Digital attacks and data theft are on the rise. As a result, many businesses are growing increasingly concerned about the safety of their systems. But are preventative measures being put in the right places? Are companies right to fear AI, for example, or is it just misplacing paranoias? From malware and ransomware to Wi-Fi security breaches, it’s time to separate the fact from fiction in cybersecurity and data vulnerability.
A recent survey by Avast Business found that 46% of respondents had concerns about security problems with Artificial Intelligence, despite machine learning and predictive algorithms so far maintaining a positive track record in data use and protection. Current plans for further innovation include AI for the energy industry that can self-heal whole networks in the event of bugs and hacks, though at present this has yet to be perfected.
So why are we so afraid of this technology? Speculation in pop culture about the possibility of AI as an adversary to humanity seems a likely cause, but a more legitimate complaint is that nothing is unhackable – even the most intelligent artificial system could be open to attack. As such, AI will have to continue to prove itself as a safe and secure development for some time yet to put the fears and uncertainty to rest.
[clickToTweet tweet=”96% of respondents stated that they were concerned about #malware, #spyware and #ransomware, and of the remaining 4%, not one said that they had no concerns at all about these things #cybersecurity #cybercrime” quote=”In the same survey, 96% of respondents stated that they were concerned about malware, spyware and ransomware, and of the remaining 4%, not one said that they had no concerns at all about these things.”]
In this instance, people are right to be concerned. While only 57% cited their level of concern as ‘very worried’, data shows that ransomware attacks increased 6000% in 2016 and 50% of affected businesses had to pay hackers more than $10,000 (over £7,000) to get their data back. 20% spent more than $40,000 – around £30,000 – so here it is the businesses who aren’t so worried that need to rethink their concerns.
Ransomware hits a company every 40 seconds worldwide, with the overall cost of attacks continuing to grow. On top of a need for high-grade internet security software, businesses need to train their staff to recognise threats like these and have processes in place for dealing with them.
91% of businesses surveyed cited concerns about mobile security – but research by CheckPoint has found that only 20% of enterprises have experienced a mobile breach. 94% of security professionals surveyed by CheckPoint said that they expect the frequency of mobile attacks to increase, though currently there’s no sign of a rapid increase to mimic that of malware and ransomware.
Businesses are wise to seek protection, all the same, encouraging individuals to install digital security software on their mobile devices just as they would on a desktop computer. Even things as simple as setting up automatic locking during periods of inactivity, and automated data wiping after multiple failed logins, can be the difference between data cybersecurity and a significant breach.
Though many individuals and businesses have concerns about Wi-Fi cybersecurity, it doesn’t stop 75% of people sharing data over unsecured networks – and 95% of millennials admit to sharing personal information over public Wi-Fi systems.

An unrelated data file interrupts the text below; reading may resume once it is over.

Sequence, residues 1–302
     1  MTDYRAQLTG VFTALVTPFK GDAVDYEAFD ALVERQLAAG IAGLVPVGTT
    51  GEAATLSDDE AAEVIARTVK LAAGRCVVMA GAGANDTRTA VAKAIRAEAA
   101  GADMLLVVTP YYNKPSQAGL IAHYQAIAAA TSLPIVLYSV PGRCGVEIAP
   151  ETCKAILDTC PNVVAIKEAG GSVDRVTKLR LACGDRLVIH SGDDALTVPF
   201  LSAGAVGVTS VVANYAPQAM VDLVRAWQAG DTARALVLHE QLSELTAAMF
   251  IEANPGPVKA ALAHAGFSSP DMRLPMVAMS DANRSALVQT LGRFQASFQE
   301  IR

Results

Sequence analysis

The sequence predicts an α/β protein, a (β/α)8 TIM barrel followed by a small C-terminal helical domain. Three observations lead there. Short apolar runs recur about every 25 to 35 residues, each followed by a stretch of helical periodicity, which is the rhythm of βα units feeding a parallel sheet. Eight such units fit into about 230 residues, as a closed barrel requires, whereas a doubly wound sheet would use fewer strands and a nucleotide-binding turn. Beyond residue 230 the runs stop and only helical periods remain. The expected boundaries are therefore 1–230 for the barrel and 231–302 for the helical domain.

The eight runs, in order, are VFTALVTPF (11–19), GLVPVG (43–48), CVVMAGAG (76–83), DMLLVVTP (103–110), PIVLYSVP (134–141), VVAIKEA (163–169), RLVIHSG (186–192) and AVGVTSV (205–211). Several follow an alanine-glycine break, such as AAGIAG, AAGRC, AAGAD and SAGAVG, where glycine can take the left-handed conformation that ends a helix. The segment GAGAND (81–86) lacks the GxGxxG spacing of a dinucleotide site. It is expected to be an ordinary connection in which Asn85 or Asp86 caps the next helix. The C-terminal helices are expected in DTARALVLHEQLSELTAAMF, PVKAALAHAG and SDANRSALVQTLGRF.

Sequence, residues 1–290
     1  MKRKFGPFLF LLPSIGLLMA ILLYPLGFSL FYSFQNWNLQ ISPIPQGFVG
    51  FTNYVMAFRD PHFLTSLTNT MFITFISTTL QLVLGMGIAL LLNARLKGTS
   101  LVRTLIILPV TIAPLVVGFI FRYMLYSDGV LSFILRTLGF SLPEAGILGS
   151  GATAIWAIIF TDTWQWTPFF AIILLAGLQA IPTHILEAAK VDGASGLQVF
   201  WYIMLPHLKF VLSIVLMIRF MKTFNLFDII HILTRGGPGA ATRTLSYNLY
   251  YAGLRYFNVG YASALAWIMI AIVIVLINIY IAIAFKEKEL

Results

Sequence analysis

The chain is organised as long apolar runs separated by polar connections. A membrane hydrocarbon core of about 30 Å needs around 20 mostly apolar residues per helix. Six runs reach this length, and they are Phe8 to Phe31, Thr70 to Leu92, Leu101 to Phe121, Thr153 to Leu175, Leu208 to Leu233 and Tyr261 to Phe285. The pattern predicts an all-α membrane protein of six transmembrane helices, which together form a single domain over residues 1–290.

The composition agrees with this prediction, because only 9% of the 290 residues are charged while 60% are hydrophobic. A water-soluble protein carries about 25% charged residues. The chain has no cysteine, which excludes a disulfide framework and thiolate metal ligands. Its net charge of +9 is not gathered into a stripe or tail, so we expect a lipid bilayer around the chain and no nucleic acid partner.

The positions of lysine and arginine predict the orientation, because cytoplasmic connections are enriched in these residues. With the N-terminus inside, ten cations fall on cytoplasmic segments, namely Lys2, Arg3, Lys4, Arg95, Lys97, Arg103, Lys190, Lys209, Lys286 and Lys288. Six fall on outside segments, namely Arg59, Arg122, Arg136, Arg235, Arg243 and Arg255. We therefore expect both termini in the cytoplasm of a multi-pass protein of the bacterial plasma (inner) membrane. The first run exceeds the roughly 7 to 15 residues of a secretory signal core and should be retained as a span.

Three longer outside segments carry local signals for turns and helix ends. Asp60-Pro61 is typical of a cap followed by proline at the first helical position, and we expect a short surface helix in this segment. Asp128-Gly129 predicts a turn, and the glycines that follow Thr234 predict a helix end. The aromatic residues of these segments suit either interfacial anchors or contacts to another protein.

With a £30 antenna and the right software, a hacker sitting a mile away can steal passwords, emails and other data shared through unsecured networks like these in seconds, so failure to take threats seriously is no joke. Businesses are increasingly at risk from Wi-Fi cybersecurity breaches as employees access work-related files and sensitive data from personal devices or public networks, making this yet another area where business security should be stepped up in anticipation of increased attacks.
Use of unlimited data plans can negate the need to use public Wi-Fi altogether. Using SSL connections and VPNs can also help to reduce the chance of data theft.
“Virtual Private Networks allow individuals to safely, remotely access protected information stored in private networks or cloud applications – for example when working away from the office,” says Greg Mosher, Vice President of Product and Engineering at AVG Business by Avast. “The transmission of data between the device itself and the local unsecured Wi-Fi access point is made secure. This aids security anytime someone is accessing sensitive data and supplying their credentials, including cloud applications like Google docs or Salesforce.”
Corporate data theft: the figures
- £9.2billion is lost to cyber-theft of IP and £7.6billion to cyber-espionage each year in the UK alone
- 66% of small businesses have fallen victim to cybercrime, but 20% continue not to use computer cybersecurity software
- Only 42% of ransomware victims can fully recover their data, even if they pay the ransom
While it’s no surprise that businesses of all sizes have fears about an array of potential cyber threats, what is surprising is that there is still such a lack of investment in defence systems and internet security. Hackers don’t discriminate: the last few years have seen system hacks affect everyone from the NHS to eBay, organisations we expect to have the highest levels of internet security. But, as the NHS data crisis showed us, it’s a lack of even basic IT security that is still leaving personal data exposed.
For those who remain complacent, disaster may be just around the corner. For those who wonder if their fears are misplaced, it should be clear that now more than ever, severe security measures that can keep up with changing technologies need to be implemented across the board.